How useful are smart plugs?

 
how-useful-are-smart-plugs-review
 

We thought we'd try an experiment. What if we bought a bunch of smart plugs, then handed them out to some volunteers from around the office, and gave them a couple of weeks to have a play? What would the result be?

We were keen to get simple answers to simple questions. Never mind the tech specs - what’s it like to live with energy saving devices? And in this case: are smart plugs a good idea? Are they useful to most people?

The short answer, for our reviewers at any rate, is "no". Our reviewers struggled to get most of the smart plugs we looked at even set up, let alone making them useful.

But the long answer is more complicated than that.

 

Are smart devices a good way to save energy?

We know that Bulb members care about the environment, and they care about their energy bills. We've always been interested in finding ways to help members save more energy.

As more and more people show an interest in saving energy, the shops are stuffed with more and more products that claim to help them do that. Most of these products say they're "smart", which is usually a way of saying that they can connect to your home wifi network, and through it to your mobile phone, wherever you are.

Our normal approach with new ideas is to start small and work up from there. So we started as small as we could think of, with a selection of smart plugs.

 

What is a smart plug?

In the words of one of our volunteers, a smart plug is "a plug for your home electrical devices, which you can control with your phone".

Stick a smart plug into a wall socket, then plug something (anything) into the smart socket, and now that thing can be controlled from anywhere. For example: you might use this feature to control your lights while you're on holiday, to make it look like someone's home. Or you might use it to turn the kettle on exactly two minutes before you get home.

 
  Michael from Team Bulb used his smart plug to operate the kettle

Michael from Team Bulb used his smart plug to operate the kettle

 

Some (but not all) smart plugs have the ability to measure how much energy the device that's plugged into them is using. This can be a useful way of finding out how much it's costing you to use the tumble drier, or how much energy your washing machine uses for a hot wash compared to a cooler one.

Some smart plugs can work entirely independently - you just plug them in, connect them to wifi, and off you go. Others work better, or only work at all, if they're part of a larger system of devices. Some need to be purchased with a hub, a device that acts as a bridge between the smart plug and your wifi router.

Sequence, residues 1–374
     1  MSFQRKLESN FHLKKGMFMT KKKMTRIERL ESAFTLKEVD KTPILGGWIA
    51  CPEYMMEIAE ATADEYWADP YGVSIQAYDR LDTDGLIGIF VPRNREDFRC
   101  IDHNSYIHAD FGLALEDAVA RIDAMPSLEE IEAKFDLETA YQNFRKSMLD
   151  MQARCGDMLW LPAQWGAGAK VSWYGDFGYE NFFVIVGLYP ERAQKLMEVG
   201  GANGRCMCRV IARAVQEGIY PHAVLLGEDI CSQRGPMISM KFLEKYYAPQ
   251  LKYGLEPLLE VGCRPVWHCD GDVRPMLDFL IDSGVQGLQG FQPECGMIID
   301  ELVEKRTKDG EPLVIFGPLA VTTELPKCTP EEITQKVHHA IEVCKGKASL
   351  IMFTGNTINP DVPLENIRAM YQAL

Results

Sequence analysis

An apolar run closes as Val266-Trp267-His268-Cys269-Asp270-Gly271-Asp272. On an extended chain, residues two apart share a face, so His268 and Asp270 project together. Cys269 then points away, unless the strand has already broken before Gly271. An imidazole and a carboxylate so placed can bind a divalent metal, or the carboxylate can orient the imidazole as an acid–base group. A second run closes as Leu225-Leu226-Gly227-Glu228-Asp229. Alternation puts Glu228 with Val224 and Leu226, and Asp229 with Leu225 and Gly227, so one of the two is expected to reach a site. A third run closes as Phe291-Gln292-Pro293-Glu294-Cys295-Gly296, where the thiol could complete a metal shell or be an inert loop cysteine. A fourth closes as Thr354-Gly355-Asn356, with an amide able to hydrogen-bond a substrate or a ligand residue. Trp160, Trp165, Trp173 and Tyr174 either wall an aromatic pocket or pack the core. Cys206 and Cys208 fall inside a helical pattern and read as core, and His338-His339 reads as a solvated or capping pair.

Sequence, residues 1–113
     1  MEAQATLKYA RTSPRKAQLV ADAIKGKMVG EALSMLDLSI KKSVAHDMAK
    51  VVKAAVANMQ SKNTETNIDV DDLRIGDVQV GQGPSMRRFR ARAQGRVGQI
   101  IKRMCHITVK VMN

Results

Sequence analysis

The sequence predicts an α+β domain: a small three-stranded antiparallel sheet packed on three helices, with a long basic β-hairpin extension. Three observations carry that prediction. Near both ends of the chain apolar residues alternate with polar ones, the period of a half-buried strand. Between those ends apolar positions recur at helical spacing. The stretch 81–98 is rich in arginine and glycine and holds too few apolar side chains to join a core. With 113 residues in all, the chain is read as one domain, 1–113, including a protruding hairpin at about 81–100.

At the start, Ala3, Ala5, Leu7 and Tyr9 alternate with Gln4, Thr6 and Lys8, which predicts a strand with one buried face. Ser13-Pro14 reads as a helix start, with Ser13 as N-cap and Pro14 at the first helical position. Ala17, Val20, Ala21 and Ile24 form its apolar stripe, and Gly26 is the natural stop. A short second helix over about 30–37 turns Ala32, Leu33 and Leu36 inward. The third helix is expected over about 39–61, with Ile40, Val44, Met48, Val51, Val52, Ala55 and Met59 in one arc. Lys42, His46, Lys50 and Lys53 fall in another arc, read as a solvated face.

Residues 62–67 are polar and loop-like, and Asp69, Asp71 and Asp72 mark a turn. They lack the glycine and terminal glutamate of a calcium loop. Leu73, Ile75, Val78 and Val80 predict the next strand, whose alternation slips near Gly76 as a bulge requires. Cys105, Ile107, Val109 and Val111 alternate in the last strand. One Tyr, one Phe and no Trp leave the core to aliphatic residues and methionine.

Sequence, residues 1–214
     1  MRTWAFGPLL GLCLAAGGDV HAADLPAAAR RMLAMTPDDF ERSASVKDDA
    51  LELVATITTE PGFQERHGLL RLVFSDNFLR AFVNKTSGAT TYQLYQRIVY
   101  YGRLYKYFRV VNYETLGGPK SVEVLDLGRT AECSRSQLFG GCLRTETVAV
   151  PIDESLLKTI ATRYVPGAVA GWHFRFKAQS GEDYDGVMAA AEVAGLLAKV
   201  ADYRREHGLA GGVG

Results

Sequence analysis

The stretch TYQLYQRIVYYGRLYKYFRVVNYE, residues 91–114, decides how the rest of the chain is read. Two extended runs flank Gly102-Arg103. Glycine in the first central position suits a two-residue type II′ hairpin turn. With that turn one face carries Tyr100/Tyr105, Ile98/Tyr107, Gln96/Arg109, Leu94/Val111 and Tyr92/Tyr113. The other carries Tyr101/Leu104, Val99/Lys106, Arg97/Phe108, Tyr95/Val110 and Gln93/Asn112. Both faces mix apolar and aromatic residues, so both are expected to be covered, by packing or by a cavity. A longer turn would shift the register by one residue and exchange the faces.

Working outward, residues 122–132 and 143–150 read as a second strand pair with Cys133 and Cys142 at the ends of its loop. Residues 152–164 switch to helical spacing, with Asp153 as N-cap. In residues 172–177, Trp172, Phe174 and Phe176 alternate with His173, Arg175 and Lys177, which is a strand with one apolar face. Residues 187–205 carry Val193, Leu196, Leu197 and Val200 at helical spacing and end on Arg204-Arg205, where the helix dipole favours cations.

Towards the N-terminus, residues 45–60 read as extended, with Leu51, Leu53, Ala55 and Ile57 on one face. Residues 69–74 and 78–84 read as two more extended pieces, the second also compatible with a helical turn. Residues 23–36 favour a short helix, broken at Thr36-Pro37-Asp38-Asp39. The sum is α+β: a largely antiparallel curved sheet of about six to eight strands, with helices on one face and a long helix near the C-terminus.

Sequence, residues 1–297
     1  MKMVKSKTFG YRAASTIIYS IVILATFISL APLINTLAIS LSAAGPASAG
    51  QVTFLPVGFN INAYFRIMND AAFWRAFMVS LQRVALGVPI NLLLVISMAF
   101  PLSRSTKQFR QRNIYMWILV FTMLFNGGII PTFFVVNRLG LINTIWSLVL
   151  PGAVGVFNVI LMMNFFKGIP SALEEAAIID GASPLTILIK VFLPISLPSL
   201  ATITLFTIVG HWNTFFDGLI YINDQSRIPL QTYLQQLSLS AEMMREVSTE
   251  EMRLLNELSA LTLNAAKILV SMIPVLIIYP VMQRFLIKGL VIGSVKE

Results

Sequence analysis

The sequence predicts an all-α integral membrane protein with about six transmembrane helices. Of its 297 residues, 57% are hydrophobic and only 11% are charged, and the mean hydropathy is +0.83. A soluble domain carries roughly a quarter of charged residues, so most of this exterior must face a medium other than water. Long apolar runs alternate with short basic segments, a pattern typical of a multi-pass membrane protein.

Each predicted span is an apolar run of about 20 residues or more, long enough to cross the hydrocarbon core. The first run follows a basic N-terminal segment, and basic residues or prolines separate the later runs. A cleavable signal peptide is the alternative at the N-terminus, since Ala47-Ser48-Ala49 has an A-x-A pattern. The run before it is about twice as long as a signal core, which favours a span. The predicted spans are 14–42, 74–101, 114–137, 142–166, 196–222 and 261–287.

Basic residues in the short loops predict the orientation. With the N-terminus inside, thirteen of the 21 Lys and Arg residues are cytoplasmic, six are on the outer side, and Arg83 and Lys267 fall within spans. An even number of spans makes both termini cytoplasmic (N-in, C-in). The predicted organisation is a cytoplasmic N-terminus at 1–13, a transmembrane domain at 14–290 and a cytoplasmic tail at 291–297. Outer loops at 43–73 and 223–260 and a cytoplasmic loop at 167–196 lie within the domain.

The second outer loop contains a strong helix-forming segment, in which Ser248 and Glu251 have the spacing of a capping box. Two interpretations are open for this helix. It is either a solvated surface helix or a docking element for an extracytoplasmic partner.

For our experiment, we decided to stick with the lower-cost, independently capable smart plugs. As you'll see if you read on, that was possibly a mistake.

 

How we did it

After some desk research to explore what's available, we decided to purchase a selection of smart plugs. Then we asked around the Bulb office for volunteers who'd be willing to borrow one each for a fortnight, and report back with their opinions.

This is a good moment to point out that we're not professional gadget reviewers. We looked at websites like The Wirecutter and we admire the work they do. But we're not them. We're an energy supplier, not a media company. We realised from the outset that our efforts to review products like this would not be the same as those done by the professionals, and we shouldn't pretend they are.

We're here to represent the interests of our members. We know them pretty well, and we know that many of them are keen to use new ideas to help save energy. But not many people have time to wade through loads of detailed product reviews. Sometimes, you just want to hear what it’s like to use a new gizmo, from someone else who’s used it already.

That’s what this experiment was all about.

The devices we tested were:

 
Bulb-reviews-smart-plugs-list-of-devices
 

Each was tested in an ordinary home, not a controlled testing environment. The reviewers had little or no previous experience; we didn’t prepare them, train them, or give them much of a brief. We wanted to make this as close as possible to someone buying the device, taking it home, and seeing what happens.

When the fortnight was up, we gathered our volunteers together for a discussion.

 
  Team Bulb gathered for a smart plug discussion

Team Bulb gathered for a smart plug discussion

 

We expected to see an even distribution: one or two devices that emerged as "good", one or two that people thought were "bad", and the rest sitting somewhere in between.

But what happened was rather different.

 

Disappointing devices

At the beginning of the discussion, we asked the volunteers to give their smart plug device a first-impressions mark out of 10. Our plan was to use the next 2 hours of debate to help everyone moderate their scores, and give them a chance to change score at the end. That way, we hoped to make the process fairer.

To our surprise, only one device scored more than 5/10 at the start.

The initial scores were:

 
Bulb-reviews-smart-plugs-device-scores
 

It quickly became clear that the majority of our volunteer reviewers - all but one - were disappointed with their smart plugs. There were a number of reasons for that:

 

Setting them up was hard work

All but one of the devices was "difficult" or "almost impossible" to set up in the first place, our reviewers said.

Deborah (Efergy Ego) said: "It was almost impossible to set up. The worst experience ever." John Joe said he felt the same about the Heatmiser Neo he tested.

 
  JJ from Team Bulb wasn't impressed with the set-up of his smart plug

JJ from Team Bulb wasn't impressed with the set-up of his smart plug

 

Lettie (TP-Link HS-110) said: "You needed to be really tech-savvy to get this thing up and running."

And Bill (D-Link) said: "It assumed a lot of prior knowledge for the set up phase. My mum would have given up."